Blacks in Classical Studies (Athens, Santorini)

NEW CYA Course

This course will seek to accomplish two goals: Through reading various African-American texts students will discover the works that have found a connection to classic literature. In addition, we will explore how African American authors have often used classic literature to help illuminate the message in their works as a way to tell their story and as a tool for the fight for equality. Also, through a close read of Frank Snowden’s work Blacks in Antiquity students will learn about the African presence in ancient times. The purpose of this is to hopefully bridge the gap between the study of classics and the Black experience, by unveiling a rich and powerful history that began well before enslavement.


Main Course Texts: 

  • Blacks in Antiquity by Franks Snowden
  • The Ebony Column by E. Ashley Hairston.
  • Other texts (i.e. Frederick Douglass, Martin Luther King, Huey P. Newton, etc.) will be shared as short excerpts for further study and analyzation.


Course Approach

Each student will need three journals: one for taking notes on class discussions, one for recording their responses to the reflection question that is connected to each day’s reading, and one for reflecting on any of the field study opportunities that we engage in. Each class session will be in the form of Socratic dialogue, where the instructor and students openly discuss their perspectives and questions on the texts assigned each night. When we are not in class, we will be touring various places that connect to the people and places that are within the readings and have been discussed in class. There is one final exam and it is in the form of an essay.  This essay is called the Reflection Paper and the purpose is to connect every text, every field study experience into a personal reflection that reveals how the course has changed you and informed your worldview. A rubric for this final exam/essay will be provided.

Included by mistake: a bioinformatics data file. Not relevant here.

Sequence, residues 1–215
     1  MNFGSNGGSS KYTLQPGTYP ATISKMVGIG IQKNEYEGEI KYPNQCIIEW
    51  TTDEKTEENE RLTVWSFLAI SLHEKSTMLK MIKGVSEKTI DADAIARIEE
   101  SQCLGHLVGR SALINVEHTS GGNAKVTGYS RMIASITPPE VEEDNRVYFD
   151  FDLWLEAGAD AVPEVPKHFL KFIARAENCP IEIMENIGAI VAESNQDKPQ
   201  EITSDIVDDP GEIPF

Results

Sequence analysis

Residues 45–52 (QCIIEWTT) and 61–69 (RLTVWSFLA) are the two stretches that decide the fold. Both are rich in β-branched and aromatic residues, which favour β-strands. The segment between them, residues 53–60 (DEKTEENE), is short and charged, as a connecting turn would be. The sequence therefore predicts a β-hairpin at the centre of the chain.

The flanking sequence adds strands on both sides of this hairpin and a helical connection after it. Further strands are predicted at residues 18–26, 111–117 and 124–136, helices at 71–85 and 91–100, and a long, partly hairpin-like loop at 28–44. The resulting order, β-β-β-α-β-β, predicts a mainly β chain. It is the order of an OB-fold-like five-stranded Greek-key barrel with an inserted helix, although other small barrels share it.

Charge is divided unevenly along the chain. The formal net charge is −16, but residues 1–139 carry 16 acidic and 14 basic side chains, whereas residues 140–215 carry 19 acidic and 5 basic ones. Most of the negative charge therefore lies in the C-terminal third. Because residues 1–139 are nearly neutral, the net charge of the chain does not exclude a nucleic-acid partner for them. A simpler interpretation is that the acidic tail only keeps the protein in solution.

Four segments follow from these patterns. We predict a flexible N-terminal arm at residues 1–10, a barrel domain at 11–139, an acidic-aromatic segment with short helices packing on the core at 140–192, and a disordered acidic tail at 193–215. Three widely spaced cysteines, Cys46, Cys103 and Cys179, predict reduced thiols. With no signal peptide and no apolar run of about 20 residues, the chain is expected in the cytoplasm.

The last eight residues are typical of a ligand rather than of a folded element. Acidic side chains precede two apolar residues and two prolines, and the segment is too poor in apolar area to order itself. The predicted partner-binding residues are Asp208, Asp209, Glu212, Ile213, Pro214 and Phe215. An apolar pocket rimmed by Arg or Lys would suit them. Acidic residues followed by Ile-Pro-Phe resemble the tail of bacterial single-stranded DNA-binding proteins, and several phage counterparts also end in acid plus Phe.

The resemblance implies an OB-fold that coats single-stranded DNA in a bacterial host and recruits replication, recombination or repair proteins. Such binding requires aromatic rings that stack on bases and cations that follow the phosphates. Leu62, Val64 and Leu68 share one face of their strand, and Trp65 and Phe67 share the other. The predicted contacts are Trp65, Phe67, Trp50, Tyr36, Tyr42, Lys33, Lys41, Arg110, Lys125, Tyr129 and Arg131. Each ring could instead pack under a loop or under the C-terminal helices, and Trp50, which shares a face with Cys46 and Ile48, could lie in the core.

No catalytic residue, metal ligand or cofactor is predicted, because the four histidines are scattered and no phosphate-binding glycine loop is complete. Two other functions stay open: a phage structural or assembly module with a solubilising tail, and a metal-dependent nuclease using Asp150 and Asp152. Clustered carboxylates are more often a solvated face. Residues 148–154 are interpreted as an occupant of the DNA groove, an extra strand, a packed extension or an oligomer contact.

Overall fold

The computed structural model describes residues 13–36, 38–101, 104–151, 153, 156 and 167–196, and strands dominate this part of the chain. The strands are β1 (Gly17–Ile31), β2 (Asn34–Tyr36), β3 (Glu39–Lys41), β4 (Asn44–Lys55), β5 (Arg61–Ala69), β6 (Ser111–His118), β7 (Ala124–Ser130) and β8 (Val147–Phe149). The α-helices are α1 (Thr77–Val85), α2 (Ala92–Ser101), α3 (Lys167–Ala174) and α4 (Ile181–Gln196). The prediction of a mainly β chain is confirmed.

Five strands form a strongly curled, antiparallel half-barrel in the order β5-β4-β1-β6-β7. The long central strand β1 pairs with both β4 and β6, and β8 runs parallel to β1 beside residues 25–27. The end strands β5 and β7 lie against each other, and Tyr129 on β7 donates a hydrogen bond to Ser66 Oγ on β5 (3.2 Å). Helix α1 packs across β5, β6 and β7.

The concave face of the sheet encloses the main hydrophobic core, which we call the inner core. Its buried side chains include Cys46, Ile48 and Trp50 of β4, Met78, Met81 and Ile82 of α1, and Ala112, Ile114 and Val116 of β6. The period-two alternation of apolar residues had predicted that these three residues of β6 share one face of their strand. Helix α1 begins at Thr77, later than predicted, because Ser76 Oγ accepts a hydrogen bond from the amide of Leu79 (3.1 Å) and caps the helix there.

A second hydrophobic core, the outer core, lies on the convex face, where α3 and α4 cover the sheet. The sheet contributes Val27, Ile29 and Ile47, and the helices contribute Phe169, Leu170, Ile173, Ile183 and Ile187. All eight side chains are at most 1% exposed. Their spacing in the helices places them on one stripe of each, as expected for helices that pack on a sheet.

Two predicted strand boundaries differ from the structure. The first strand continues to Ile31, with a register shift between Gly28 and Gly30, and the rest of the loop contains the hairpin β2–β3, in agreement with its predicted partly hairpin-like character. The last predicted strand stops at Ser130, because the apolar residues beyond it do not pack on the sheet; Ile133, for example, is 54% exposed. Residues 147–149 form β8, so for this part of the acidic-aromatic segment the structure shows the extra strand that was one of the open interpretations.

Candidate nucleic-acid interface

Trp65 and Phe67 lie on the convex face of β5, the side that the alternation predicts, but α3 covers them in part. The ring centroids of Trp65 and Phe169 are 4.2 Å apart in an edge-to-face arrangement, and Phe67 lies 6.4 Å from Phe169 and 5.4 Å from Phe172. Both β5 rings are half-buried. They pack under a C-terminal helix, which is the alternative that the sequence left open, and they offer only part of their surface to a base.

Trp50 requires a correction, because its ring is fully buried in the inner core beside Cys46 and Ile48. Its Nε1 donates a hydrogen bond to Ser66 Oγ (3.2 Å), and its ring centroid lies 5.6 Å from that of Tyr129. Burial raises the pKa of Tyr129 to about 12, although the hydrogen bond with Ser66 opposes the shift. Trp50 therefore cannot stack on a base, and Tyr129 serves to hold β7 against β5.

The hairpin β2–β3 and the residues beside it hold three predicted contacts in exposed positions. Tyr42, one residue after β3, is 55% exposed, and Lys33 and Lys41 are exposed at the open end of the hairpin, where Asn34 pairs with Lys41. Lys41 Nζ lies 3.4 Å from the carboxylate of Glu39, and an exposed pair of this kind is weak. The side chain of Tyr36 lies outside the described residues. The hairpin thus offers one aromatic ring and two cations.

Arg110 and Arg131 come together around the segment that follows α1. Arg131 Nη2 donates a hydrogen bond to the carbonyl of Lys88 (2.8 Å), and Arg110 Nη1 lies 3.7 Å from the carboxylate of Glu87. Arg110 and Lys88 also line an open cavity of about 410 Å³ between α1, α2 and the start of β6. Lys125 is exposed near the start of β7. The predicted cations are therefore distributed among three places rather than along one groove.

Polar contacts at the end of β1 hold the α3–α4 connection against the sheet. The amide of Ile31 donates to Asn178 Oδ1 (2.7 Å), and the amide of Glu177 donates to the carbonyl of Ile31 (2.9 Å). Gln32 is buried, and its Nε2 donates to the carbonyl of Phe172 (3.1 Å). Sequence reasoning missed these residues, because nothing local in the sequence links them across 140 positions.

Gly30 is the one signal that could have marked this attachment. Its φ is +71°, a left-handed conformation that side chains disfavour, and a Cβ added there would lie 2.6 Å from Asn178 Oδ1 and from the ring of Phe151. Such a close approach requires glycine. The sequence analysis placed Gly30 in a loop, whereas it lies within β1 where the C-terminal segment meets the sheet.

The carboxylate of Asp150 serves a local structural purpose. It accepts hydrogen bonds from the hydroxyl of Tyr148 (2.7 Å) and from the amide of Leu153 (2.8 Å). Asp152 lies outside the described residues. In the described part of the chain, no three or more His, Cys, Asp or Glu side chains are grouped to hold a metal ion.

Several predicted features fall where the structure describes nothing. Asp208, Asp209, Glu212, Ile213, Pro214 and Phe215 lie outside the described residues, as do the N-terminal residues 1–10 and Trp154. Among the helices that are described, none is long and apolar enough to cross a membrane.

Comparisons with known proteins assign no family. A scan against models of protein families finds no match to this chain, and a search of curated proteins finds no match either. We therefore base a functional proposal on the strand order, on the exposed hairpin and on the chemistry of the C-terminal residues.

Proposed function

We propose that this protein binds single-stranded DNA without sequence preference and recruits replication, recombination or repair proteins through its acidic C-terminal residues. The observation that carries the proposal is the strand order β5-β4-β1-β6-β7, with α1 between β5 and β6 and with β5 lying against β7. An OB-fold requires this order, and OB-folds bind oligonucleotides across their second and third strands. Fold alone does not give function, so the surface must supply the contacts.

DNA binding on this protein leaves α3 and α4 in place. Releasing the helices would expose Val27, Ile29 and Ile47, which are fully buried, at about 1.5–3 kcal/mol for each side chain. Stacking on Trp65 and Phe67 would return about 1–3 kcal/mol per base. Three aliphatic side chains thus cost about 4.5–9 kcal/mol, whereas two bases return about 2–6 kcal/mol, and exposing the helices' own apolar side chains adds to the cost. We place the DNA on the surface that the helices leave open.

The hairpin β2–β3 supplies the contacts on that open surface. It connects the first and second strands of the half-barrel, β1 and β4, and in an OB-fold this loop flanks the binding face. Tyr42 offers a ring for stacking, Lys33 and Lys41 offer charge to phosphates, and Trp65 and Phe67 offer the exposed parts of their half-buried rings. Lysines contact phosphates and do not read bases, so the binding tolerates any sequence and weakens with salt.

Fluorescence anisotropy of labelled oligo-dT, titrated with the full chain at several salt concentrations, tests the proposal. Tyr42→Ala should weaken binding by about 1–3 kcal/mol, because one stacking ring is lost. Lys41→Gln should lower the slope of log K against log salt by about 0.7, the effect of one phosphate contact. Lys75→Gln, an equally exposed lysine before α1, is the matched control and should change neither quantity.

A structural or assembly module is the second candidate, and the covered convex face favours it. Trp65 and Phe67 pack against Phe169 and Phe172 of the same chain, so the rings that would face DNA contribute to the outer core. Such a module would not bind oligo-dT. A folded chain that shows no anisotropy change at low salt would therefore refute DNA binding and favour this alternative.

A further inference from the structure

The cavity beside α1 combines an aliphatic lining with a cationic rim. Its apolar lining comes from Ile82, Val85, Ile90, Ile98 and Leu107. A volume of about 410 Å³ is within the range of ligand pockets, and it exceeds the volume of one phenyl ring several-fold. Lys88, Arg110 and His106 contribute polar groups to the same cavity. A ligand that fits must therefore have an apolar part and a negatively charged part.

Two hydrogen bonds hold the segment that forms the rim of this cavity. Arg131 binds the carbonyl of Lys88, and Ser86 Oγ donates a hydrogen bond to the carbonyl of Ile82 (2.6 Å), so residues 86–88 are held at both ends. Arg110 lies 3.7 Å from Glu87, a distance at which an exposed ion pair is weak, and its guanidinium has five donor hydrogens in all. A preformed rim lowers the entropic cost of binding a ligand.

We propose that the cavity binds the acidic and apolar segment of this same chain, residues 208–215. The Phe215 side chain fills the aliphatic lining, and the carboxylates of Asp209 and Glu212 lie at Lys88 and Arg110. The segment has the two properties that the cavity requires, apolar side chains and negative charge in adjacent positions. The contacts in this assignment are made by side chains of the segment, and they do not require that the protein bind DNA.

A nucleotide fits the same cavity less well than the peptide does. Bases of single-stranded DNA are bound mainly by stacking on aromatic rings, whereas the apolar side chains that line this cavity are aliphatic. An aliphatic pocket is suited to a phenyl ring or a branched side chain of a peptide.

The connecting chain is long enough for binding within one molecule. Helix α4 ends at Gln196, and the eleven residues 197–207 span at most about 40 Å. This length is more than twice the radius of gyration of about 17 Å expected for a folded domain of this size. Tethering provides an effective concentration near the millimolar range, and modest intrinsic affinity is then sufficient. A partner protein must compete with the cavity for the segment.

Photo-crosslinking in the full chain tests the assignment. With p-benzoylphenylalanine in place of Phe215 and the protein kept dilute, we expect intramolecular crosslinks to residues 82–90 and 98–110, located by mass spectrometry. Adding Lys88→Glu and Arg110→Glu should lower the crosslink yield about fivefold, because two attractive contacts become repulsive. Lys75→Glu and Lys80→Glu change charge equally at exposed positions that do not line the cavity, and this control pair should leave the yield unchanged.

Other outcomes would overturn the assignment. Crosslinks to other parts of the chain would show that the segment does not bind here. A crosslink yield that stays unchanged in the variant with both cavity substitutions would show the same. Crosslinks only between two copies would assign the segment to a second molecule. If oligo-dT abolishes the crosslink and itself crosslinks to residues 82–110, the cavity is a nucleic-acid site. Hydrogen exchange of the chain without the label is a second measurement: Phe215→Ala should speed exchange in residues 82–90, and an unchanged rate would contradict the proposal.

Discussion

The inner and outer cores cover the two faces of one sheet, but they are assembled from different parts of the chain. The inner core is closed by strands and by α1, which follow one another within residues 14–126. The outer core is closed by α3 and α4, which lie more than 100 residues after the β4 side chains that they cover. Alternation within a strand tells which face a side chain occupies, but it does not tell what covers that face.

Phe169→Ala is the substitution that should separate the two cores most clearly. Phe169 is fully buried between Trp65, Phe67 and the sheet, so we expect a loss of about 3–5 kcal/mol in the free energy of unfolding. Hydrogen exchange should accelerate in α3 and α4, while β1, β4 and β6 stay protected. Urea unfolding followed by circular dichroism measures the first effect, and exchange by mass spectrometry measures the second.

Learning Objectives

There are several academic goals for this class:

  1. To reflect on, through deep discussion, the texts we will be exploring.
  2. To analyze through writing about the material as a way to communicate deep, reflective, and critical thinking.
  3. To cultivate a person’s curiosity and willingness to share that curiosity with others.
  4. To create an appreciation for Classic literature by seeing the role it has played in the creation of African American literature and their fight for equality.
  5. To recognize the history of Ancient African Civilizations and its intersection with the ancient world.
  6. To compare and contrast diverse texts from various sources and backgrounds in order to learn the full story of humankind.


syllabus button